- Penelope Cruz - Best Foreign Language Film
- Patrick Dempsey - Introduced "So Close" from Enchanted
- John Travolta - Best Original Song
- Cameron Diaz - Best Cinematography
- Hilary Swank - Presented In Memoriam montage
- Amy Adams - Best Original Music Score
- Tom Hanks - Best Documentary Short Subject
- Tom Hanks - Best Documentary Feature
- Harrison Ford - Best Writing - Original Screenplay
- Helen Mirren - Best Actor
- Martin Scorsese - Best Director
- Denzel Washington - Best Picture
- Amy Adams - Happy Working
- Jamia Simone Nash - Raise It Up
- Kristin Chenoweth - That's How You Know
- Glen Hansard & Markéta Irglová - Falling Slowly
- Jon McLaughlin - So Close
In Order of Presentation
- Roscoe Lee Browne
- Barry Nelson
- Kitty Carlisle Hart
- Betty Hutton
- Calvin Lockhart
- Jane Wyman
- Melville Shavelson
- Curtis Harrington
- Jack Valenti
- Michael Kidd
- Michelangelo Antonioni
- Delbert Mann
- Montague "Monty" G. Westmore
- Peter T. Handford
- Bud Ekins
- Bernard Gordon
- Dabbs Greer
- Jean-Claude Brialy
- Harold Michelson
- Laraine Day
- Jean-Pierre Cassel
- Louis Maxwell
- László Kovács
- Robert Clark
- George Jenkins
- Johnny Grant
- Frank E. Rosenfelt
- Martin Manulis
- Sembene Ousmane
- Freddy Fields
- Robert Lantz
- Ray Kurtzman
- Miyoshi Umeki
- Suzanne Pleshette
- Deborah Kerr
- Petter Ellenshaw
- Peter Zinner
- Freddie Francis
- Ingmar Bergman
- Ray Evans
- William Tuttle
- Heath Ledger
- When Ethan and Joel Cohen are accepting their award for Best Writing - Adapted Screenplay, the camera cuts to a man with white hair next to a young boy. This is Cormac McCarthy, the author of the novel No Country for Old Men and his song. McCarthy very rarely makes public appearances.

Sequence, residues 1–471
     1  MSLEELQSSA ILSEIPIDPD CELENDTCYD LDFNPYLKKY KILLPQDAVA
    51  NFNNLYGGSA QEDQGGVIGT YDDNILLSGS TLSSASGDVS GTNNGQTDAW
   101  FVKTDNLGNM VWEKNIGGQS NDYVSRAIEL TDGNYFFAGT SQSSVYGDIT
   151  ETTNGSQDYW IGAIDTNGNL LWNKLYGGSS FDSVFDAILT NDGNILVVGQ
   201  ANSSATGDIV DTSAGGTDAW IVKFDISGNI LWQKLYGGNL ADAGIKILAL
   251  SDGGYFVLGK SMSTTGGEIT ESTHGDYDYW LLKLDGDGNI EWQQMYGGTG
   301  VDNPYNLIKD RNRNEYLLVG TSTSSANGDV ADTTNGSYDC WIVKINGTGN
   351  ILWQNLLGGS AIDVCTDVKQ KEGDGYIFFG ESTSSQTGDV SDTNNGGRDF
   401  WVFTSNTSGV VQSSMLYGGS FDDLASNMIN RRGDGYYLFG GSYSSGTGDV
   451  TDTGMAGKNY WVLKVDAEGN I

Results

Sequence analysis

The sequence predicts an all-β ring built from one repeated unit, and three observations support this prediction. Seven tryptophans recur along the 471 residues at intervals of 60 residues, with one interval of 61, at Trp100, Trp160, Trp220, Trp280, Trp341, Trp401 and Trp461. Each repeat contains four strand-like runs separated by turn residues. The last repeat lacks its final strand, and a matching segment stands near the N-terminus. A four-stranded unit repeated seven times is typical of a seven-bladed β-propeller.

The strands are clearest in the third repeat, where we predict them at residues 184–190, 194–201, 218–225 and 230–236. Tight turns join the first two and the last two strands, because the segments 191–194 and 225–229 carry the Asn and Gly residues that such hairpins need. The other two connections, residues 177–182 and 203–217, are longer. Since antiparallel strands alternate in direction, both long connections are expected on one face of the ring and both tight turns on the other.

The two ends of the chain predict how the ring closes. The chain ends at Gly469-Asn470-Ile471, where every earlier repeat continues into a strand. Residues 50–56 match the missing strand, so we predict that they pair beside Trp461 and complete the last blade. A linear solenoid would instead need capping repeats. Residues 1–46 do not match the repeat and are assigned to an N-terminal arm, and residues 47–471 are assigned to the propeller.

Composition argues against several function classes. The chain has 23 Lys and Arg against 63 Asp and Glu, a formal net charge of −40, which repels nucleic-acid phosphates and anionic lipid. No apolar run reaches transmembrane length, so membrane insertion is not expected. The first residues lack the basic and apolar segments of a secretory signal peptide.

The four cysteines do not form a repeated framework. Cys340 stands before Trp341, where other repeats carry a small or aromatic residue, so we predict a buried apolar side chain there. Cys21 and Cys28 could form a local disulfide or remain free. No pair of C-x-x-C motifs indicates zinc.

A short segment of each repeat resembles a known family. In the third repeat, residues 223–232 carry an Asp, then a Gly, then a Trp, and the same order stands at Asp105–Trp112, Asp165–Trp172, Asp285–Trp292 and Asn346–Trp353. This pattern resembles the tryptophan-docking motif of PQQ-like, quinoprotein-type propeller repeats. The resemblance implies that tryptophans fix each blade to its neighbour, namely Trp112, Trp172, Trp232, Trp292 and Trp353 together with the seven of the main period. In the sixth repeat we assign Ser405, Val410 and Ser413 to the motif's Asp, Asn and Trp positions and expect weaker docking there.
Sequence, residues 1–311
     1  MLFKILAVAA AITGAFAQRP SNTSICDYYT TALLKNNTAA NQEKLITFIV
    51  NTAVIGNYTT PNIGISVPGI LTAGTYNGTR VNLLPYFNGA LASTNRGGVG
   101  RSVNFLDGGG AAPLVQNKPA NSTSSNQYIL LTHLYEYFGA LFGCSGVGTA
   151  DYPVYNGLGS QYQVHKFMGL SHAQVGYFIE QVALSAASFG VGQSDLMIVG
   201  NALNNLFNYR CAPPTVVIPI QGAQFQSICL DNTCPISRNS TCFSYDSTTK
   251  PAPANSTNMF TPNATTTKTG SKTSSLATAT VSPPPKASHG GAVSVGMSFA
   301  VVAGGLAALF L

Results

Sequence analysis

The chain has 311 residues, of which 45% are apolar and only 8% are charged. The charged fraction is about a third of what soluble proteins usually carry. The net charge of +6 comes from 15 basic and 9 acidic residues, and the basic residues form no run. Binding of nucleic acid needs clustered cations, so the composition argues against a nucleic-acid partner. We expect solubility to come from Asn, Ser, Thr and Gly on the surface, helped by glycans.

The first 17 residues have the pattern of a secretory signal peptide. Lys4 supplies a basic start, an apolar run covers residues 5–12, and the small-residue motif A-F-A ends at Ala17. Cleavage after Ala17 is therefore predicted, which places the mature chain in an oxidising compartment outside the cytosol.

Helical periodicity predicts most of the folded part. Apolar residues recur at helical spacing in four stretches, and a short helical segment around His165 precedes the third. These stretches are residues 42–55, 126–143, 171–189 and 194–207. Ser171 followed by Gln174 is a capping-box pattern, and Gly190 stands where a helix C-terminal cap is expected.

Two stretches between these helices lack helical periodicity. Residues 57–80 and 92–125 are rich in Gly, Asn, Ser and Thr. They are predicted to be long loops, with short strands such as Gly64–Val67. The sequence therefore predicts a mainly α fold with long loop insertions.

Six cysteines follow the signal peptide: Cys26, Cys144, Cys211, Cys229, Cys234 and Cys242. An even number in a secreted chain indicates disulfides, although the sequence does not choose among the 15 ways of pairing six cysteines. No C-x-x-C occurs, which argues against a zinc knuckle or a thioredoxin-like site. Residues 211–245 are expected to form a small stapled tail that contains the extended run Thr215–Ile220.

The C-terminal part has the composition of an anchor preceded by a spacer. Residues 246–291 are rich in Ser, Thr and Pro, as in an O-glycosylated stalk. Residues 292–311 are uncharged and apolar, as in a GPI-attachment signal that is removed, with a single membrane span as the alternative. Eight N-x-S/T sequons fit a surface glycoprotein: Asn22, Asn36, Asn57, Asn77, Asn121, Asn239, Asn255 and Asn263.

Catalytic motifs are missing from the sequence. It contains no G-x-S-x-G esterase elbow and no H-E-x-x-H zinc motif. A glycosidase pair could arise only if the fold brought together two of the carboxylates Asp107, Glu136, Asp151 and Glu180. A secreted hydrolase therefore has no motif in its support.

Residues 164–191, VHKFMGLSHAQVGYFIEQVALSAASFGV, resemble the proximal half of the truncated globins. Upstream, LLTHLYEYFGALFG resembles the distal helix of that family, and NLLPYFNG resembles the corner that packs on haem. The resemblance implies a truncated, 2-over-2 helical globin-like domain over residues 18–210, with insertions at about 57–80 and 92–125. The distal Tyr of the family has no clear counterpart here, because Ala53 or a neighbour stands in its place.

- The ceremony was written by Jon Macks, Hal Kanter, Buz Kohan and Bruce Vilanch. Special material was written by Jon Stewart, Rory Albanese, Rachel Axler, Kevin Bleyer, Richard Blomquist, Steve Bodow, Tim Carvell, J.R. Havlan, David Javerbaum, Rob Kutner, Sam Means and Jason Ross.
- After the award for "Best Original Song" was awarded to Glen Hansard and Markéta Irglová for their song "Falling Slowly" from Once, Hansard was able to give his speech but Irglová was cut off early by the orchestra before she could say a word. In a rare move, after the commercial break which followed, Stewart brought Irglová back out on stage to give her speech. Director Gil Cates said afterwards that the musical cue was an accident.
- Instead of presenting the short form documentary award himself, Tom Hanks introduced several soldiers stationed in Iraq, who announced the nominees and the winner.